Outside of the Indianapolis Colts' Peyton Manning, whom the Packers held in check en route to a 34-14 home win in Week 7, they haven't faced a quarterback like Brees this season, however. Brees, who has completed 66.8 percent of his passes, has thrown for league highs of 3,251 yards and 43 explosive passes of at least 20 yards.
Collins said keeping plays in front of them, as they did against the Colts, is critical for the Packers' defensive backs to stifle the Saints' high-powered vertical attack. Green Bay has allowed only 21 passes of at least 20 yards, fourth fewest in the league.
S Nick Collins and WR Greg Jennings
Domenic Centofanti/Getty Images
The return of Pro Bowl cornerback Al Harris, after he missed four games earlier in the season because of a ruptured spleen, has been a boon. Harris has given up only one completion in the three games he's been back.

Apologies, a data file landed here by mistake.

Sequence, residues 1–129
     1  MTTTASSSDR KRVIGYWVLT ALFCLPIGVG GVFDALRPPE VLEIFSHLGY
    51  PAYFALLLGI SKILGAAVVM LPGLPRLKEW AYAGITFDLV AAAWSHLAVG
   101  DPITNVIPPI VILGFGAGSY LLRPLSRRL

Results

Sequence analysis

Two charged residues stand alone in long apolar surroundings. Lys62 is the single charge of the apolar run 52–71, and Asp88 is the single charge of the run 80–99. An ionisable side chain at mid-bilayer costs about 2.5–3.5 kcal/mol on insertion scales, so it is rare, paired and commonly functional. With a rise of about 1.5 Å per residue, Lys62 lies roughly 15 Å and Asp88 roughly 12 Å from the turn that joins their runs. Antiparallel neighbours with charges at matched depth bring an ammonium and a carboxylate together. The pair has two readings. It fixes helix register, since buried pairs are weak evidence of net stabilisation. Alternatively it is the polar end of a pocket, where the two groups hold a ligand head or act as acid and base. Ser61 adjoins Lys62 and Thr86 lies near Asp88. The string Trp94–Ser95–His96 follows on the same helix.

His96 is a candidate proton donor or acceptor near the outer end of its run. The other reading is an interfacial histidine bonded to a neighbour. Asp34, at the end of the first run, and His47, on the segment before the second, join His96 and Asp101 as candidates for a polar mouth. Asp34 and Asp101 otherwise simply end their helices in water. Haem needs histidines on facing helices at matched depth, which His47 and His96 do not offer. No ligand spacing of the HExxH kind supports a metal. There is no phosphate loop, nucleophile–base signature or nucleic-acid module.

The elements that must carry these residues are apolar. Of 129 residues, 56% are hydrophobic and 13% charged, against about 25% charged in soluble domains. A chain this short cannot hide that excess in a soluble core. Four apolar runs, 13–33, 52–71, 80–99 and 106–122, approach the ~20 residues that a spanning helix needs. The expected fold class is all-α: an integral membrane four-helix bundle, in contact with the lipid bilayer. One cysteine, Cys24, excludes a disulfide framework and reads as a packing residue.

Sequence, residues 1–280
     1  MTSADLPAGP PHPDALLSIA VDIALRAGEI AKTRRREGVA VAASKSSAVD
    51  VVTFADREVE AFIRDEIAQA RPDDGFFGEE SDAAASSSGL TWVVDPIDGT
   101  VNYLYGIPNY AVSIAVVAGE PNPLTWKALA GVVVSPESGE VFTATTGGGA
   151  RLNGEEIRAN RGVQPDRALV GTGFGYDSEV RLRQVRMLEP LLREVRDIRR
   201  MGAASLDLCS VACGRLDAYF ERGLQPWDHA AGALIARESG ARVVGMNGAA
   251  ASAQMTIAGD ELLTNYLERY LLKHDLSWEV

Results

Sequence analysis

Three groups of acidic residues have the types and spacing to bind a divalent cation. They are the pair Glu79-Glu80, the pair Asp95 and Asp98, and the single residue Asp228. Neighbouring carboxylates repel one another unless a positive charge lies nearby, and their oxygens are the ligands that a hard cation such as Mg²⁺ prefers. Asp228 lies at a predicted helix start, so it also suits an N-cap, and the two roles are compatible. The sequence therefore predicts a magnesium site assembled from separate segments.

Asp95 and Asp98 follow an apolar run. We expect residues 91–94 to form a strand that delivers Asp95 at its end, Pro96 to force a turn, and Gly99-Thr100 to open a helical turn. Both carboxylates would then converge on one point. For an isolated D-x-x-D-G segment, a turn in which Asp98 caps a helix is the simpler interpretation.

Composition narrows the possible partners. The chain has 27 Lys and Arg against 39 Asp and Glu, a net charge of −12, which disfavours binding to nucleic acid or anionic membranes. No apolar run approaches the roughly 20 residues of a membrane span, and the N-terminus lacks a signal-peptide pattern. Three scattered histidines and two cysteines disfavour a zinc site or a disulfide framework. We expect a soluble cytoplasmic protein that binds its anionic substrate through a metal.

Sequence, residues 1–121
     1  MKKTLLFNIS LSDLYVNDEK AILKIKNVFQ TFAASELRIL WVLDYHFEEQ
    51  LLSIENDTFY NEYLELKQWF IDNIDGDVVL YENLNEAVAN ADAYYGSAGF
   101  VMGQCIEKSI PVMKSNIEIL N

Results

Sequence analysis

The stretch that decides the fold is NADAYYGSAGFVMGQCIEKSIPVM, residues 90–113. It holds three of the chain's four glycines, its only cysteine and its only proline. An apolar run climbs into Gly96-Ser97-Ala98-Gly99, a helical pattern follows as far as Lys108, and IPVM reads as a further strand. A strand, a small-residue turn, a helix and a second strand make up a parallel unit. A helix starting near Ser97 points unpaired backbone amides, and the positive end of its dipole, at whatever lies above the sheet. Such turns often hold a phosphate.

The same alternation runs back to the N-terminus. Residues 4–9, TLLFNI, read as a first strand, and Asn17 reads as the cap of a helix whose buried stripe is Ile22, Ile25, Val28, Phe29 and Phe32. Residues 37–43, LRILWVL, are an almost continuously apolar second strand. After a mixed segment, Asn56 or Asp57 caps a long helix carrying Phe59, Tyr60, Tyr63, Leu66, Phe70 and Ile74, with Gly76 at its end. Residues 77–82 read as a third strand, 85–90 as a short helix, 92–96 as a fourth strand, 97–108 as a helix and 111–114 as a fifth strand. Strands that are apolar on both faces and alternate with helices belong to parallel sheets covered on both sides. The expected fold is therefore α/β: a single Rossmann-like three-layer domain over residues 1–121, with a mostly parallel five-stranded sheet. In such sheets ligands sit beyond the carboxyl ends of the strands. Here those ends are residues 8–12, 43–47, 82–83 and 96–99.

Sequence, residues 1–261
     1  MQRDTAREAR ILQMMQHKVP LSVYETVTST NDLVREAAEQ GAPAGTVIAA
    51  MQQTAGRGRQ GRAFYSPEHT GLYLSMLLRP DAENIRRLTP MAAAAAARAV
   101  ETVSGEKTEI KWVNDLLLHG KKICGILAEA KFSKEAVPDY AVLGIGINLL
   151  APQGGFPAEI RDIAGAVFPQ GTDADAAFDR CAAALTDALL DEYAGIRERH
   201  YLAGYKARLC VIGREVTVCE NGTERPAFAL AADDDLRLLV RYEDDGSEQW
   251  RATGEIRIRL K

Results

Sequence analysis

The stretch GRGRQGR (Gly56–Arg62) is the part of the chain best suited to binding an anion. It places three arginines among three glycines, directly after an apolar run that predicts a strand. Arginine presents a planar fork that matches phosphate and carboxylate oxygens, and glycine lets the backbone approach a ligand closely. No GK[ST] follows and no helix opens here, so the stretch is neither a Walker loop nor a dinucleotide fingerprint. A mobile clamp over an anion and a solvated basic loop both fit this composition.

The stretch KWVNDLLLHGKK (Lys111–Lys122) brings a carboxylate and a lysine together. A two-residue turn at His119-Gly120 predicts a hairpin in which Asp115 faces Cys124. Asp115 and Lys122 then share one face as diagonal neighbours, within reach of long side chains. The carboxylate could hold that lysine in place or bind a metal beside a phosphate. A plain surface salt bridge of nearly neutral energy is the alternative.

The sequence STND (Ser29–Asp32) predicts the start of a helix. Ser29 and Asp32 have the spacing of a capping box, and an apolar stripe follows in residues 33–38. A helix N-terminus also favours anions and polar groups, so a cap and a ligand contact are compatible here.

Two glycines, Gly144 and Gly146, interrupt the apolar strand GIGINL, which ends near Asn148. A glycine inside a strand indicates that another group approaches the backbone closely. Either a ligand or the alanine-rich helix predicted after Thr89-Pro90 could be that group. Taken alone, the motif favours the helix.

Incidentally, Harris is seeking his first interception in a season that already has been a memorable one for the defense, which has a franchise-record seven touchdown returns. The league record for a season is 10 by the 1998 Seattle Seahawks.
Collins, who came under fire after an interception-less 2007 season, has led the scoring barrage with runbacks on three of his co-league-high five interceptions – tied with teammate Charles Woodson.
"The way that we've gotten interceptions is just tremendous," Packers defensive end Aaron Kampman said. "You can't say enough about what they're doing. I think probably one of the biggest jumps has been our safeties are doing such a tremendous job of ball-hawking and getting after things. All of that is correlating into really helping us."